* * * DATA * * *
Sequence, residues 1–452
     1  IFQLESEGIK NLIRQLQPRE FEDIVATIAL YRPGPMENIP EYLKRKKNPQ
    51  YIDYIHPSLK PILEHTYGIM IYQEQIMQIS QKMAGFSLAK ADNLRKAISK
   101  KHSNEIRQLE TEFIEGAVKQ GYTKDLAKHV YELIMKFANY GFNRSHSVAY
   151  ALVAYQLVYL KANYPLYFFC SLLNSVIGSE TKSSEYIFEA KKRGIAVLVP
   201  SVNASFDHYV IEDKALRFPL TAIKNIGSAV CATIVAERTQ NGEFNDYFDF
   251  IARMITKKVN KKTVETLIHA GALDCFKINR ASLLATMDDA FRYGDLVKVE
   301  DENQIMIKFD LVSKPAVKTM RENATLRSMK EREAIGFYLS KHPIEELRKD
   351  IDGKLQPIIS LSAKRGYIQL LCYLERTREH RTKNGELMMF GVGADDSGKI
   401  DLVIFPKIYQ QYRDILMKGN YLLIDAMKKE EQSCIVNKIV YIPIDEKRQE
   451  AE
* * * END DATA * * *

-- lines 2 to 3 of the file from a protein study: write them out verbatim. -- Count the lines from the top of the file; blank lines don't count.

     1  IFQLESEGIK NLIRQLQPRE FEDIVATIAL YRPGPMENIP EYLKRKKNPQ
    51  YIDYIHPSLK PILEHTYGIM IYQEQIMQIS QKMAGFSLAK ADNLRKAISK